Suppose that Montresor’s wine cellar was not in the catacombs. How would the plot change?

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William Delaney eNotes educator| Certified Educator

Montresor states that Fortunato is wearing a "tight-fitting" jester's costume when he encounters him carousing on the street. Montresor has a rapier concealed under his cloak. He reveals this fact for the first time when Fortunato begins screaming for help.

A succession of loud and shrill screams, bursting suddenly from the throat of the chained form, seemed to thrust me violently back. For a brief moment I hesitated, I trembled. Unsheathing my rapier, I began to grope with it about the recess...

Montresor's main problem is to get Fortunato to come to his palazzo and down into the wine cellar without being recognized by anyone on the streets as Fortunato's companion. Montresor is armed; Fortunato must be unarmed because there would be no place to conceal a weapon in a tight-fitting costume. Montresor could simply murder Fortunato at the foot of the steps. Then he would have to bury him somewhere under the palazzo. This sounds like a hackneyed plot. How many men in stories and novels have murdered people and buried them in their cellars?

The trip through the catacombs makes Poe's story most interesting. Chaining Fortunato inside the narrow niche and building a wall to conceal him also add interest. Without such details the plot would lack some of its best effects, such as Fortunato's screaming for help and pleading for mercy, and the story would probably not have been remembered as long as it has.

chelseaosborne314 eNotes educator| Certified Educator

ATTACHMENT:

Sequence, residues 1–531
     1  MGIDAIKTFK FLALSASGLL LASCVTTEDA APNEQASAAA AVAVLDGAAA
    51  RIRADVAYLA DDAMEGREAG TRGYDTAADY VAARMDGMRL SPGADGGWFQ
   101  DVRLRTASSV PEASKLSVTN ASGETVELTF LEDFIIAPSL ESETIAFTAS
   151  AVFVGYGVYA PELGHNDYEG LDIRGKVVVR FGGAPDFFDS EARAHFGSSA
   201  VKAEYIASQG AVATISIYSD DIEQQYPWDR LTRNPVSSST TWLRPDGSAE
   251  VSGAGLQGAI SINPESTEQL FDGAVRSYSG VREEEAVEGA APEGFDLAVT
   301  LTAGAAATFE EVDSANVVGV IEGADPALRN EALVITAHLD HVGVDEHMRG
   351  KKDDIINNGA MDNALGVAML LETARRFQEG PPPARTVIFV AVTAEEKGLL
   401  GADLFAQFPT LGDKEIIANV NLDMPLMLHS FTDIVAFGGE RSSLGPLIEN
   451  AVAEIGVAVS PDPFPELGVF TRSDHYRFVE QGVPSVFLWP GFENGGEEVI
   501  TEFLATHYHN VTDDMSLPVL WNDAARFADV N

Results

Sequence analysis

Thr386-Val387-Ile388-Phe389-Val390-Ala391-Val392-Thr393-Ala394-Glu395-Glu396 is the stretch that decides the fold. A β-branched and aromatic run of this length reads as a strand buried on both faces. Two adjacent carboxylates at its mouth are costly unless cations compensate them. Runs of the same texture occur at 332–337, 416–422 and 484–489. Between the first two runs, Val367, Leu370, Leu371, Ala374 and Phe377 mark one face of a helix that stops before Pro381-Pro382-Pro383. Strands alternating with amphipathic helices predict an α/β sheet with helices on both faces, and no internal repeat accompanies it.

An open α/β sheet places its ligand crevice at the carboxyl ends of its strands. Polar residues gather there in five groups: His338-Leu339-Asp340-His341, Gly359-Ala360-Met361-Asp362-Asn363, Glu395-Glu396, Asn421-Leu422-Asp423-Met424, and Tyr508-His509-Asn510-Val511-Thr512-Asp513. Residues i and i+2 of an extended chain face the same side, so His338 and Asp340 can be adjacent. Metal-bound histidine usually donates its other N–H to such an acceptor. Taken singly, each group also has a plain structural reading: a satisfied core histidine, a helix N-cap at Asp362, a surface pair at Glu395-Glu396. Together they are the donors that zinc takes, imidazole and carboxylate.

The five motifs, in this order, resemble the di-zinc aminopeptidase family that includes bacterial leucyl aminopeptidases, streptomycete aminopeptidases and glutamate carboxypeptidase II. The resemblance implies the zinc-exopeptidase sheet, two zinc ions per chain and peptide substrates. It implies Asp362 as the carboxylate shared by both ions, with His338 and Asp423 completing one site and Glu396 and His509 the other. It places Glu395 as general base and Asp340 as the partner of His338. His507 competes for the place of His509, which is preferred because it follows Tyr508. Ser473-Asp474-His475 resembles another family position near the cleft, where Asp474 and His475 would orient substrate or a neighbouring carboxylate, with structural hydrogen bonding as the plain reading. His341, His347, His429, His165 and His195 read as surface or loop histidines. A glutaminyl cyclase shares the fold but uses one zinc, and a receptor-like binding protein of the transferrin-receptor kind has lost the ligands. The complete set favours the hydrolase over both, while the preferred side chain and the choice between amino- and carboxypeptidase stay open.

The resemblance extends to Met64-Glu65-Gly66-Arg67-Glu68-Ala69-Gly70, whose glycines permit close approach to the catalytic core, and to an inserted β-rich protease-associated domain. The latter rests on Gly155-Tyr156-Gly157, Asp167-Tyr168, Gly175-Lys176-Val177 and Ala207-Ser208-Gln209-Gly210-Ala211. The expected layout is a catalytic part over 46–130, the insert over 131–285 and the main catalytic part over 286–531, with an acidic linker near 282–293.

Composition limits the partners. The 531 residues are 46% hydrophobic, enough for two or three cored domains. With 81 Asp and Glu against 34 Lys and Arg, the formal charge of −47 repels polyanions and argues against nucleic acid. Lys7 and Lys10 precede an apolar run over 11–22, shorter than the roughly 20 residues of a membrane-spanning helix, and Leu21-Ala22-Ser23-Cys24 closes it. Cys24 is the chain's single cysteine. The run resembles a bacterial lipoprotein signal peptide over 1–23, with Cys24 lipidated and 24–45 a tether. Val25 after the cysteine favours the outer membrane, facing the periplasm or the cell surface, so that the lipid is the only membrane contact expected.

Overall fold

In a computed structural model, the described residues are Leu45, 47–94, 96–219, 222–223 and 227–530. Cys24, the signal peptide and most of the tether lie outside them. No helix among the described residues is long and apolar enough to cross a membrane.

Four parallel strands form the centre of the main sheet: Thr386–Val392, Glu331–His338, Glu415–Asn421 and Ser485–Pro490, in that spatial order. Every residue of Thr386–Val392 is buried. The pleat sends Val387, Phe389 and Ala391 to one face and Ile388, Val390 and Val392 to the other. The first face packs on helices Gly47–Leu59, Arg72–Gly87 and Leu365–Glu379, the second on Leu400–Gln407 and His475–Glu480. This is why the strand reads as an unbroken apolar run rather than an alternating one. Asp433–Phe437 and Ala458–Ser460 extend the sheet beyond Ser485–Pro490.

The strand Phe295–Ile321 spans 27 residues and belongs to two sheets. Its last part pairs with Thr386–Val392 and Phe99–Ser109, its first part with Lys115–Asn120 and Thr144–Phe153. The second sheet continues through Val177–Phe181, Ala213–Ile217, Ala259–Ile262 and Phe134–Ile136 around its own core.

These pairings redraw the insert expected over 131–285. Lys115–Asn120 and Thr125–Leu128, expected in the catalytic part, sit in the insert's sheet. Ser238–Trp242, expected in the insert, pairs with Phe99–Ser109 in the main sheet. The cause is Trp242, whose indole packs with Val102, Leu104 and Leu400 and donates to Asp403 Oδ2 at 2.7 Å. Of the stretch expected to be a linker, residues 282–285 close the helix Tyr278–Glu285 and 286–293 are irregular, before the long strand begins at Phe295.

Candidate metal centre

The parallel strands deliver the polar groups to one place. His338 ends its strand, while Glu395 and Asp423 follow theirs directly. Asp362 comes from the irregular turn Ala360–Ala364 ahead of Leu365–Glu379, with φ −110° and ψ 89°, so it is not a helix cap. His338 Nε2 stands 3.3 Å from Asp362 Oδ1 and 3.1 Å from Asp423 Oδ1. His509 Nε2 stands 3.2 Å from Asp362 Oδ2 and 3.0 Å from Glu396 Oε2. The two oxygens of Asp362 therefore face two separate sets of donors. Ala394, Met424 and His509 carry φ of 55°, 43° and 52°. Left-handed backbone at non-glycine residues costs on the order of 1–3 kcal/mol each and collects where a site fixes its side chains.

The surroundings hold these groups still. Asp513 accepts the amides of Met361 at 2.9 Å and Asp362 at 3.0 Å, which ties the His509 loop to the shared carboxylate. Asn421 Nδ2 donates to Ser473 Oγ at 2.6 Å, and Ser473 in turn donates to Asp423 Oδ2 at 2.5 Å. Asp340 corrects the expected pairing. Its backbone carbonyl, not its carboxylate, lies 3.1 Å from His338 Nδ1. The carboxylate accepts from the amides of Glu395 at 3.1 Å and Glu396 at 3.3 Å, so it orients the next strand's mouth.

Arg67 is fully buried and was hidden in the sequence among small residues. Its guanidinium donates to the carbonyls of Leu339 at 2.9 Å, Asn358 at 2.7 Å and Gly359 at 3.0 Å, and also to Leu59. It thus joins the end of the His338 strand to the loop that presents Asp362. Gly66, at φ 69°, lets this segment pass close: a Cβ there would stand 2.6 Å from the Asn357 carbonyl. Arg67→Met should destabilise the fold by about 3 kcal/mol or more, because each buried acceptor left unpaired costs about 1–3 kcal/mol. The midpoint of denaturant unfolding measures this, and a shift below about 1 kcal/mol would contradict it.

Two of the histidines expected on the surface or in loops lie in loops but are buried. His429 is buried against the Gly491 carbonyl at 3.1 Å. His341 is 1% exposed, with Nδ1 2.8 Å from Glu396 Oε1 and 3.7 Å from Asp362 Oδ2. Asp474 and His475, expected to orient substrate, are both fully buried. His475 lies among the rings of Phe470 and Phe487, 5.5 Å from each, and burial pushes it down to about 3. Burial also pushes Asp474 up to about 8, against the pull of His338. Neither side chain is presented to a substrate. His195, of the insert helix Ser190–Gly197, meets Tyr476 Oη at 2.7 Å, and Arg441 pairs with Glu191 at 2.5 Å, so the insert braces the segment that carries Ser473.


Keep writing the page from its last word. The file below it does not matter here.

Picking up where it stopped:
I think that the biggest change to the plot if the story did not take place in the catacombs would be Montresor's method of murder. For instance, say Montresor took Fortunato to his house instead. There would be many different factors and far more risks involved in murdering someone in a house rather than below ground in the catacombs. The nice thing about the catacombs is that it is secluded, so no one will be around to interrupt Montresor's plan; no one will see or hear Montresor and Fortunato, so he is far more likely to get away with the murder. However, if Montresor had murdered Fortunato in his house, he would not have been able to seal Fortunato inside a recess in a wall because someone would most likely hear Fortunato screaming for help or notice the new wall. So, if Montresor were to have murdered Fortunato elsewhere, it is more likely that he would be caught, and then this story would start like Poe's The Black Cat, which starts with the narrator waiting to be executed, which we later find out is happening because he murdered his wife.

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The Cask of Amontillado

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